Prevalence of Wet-to-Dry Dressings in Wound Care

Gainesville Veteran's Administration Medical Center, Gainesville, Florida, USA.
Advances in skin & wound care (Impact Factor: 1.11). 12/2009; 22(12):567-73. DOI: 10.1097/01.ASW.0000363469.25740.74
Source: PubMed


This retrospective descriptive study explored the prevalence of wet-to-dry dressings ordered for wound care of open wounds healing by secondary intention. Research questions included the following: How frequently are healthcare providers ordering wet-to-dry dressings for wound care? Which specialties of healthcare providers are most frequently ordering wet-to-dry dressings? Are wet-to-dry dressings being ordered appropriately?
A retrospective chart review examined admission orders for 202 randomly selected Florida home care and health maintenance organization patients from 2002 to 2004. All subjects in the study had open wounds healing by secondary intention (42 partial-thickness and 160 full-thickness wounds). Frequencies are reported as the main outcome measure.
Wet-to-dry dressings accounted for 42% of wound care orders, followed by enzymatic (7.43%) and dry gauze (6.93%). Most wounds treated with wet-to-dry dressings were surgical (69%), followed by neuropathic ulcers (10%) and pressure ulcers (5.9%). Surgical specialists preferred wet-to-dry dressings (73%). Mechanical debridement was not clinically indicated in more than 78% of wounds treated with wet-to-dry dressings. Therefore, wet-to-dry dressings were inappropriately ordered in these cases.
These findings suggest that wet-to-dry dressings (or dry gauze) are prescribed inappropriately in situations where there is little evidence to support their use. To achieve evidence-based practice in wound care, clinical decision making should be scientifically based. Future research should focus on which wound dressings are most effective in optimizing wound healing, as well as on investigating the reasons for the continued use of wet-to-dry dressings.

Download full-text


Available from: Linda Cowan, Jul 29, 2014

  • No preview · Article · Jul 2011 · Home healthcare nurse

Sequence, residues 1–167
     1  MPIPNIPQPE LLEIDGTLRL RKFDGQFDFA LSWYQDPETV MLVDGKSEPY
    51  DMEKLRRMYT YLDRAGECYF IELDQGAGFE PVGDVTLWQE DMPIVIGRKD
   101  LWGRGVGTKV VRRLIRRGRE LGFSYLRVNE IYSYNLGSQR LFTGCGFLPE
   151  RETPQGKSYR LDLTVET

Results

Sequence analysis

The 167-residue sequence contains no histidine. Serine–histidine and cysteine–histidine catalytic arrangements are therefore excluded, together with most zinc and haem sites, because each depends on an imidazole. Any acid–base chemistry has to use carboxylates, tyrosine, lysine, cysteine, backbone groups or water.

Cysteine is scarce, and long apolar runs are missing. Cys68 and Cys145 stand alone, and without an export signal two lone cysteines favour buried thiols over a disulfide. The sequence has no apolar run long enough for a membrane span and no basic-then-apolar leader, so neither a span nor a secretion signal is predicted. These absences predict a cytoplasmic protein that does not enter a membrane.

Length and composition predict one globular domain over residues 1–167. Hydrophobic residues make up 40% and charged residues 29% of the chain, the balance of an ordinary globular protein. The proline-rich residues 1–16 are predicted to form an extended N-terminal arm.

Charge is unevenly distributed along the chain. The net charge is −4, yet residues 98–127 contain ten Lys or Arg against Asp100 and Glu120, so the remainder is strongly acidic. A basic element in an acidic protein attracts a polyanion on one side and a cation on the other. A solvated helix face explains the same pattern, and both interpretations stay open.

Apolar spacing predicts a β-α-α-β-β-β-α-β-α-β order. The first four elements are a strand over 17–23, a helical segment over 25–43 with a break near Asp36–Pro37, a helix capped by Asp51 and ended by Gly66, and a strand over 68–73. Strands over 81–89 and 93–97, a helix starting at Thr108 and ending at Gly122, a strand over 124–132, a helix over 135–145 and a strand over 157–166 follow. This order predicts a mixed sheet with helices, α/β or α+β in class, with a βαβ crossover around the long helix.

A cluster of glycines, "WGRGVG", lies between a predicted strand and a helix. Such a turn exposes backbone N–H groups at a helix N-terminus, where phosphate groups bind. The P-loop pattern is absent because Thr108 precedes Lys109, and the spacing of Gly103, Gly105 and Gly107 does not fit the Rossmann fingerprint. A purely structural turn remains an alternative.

• [Show abstract] [Hide abstract]
    ABSTRACT: Abstract: The presence of a chronic ulcer presents a challenge to clinicians in long-term care while being both a physical and psychological burden to the residents and their families. Dressings play an important adjunctive role in concert with overall efforts to manage the underlying causes of chronic, non-healing wounds. With more than 2000 dressings and a variety of treatment protocols available, chronic wound management is as much an art as it is science. Each wound requires a unique combination of dressings that is matched to the needs of the patient and the clinical presentation of the wound. Treatment often depends on the skill level of the clinician and the ability to develop appropriate interventions and plan of care. This retrospective series of four case studies serves to demonstrate the improved potential for healing outcomes when collagen dressings are used appropriately.
    No preview · Article · Aug 2011 · Wounds: a compendium of clinical research and practice
  • Source
    [Show abstract] [Hide abstract]
    ABSTRACT: Traditional criteria used in selecting wound care interventions are being slowly replaced with an evidence-based practice approach. The value of such an approach for providing optimal care has been established, but the definition of evidence- based care and the process used to generate evidence continue to evolve. For example, the role of studies developed to demonstrate efficacy, randomized controlled trials (RCT), the value of effectiveness studies designed to evaluate outcomes in real world practice, and the use of disease-oriented (interim) study outcomes for wound care research such as reduces wound fluid or improves granulation tissue formation have been topics of international conversations and consensus documents. In addition, the use in some clinical studies and most systematic study reviews of ingredient- or characteristic-based categories to group products that may not share a common operational definition of how they function has led to a high variability in outcomes, resulting in inconclusive or low-level evidence. These concerns and debates, along with their influence on practice, may cast doubt on the value of evidence-based practice guidelines for some clinicians, slowing their rate of implementation and extending the discussion about definitions of evidence-based care and the relative merits of various research designs. At the same time, amid growing concerns about medical device safety, clinicians must answer three questions about an intervention and its related products or devices in order to provide safe and effective care: 1) Can it work? 2) Does it work? 3) Is it worth it? Reviewing current knowledge about wound care, wound treatment modalities, and the basic principles of research within the existing framework of questions to be answered suggests a clear path toward obtaining much-needed evidence. In wound care, using clearly defined process- es to study patient-centered outcomes (eg, quality of life, complete healing) and only product groupings that meet an operational definition of functioning (eg moisture-retentive) will help clinicians decide whether an intervention can work and does work and whether the value of the clinical and economic benefits is greater than the potential harm and cost.
    Full-text · Article · Sep 2011 · Ostomy/wound management
Show more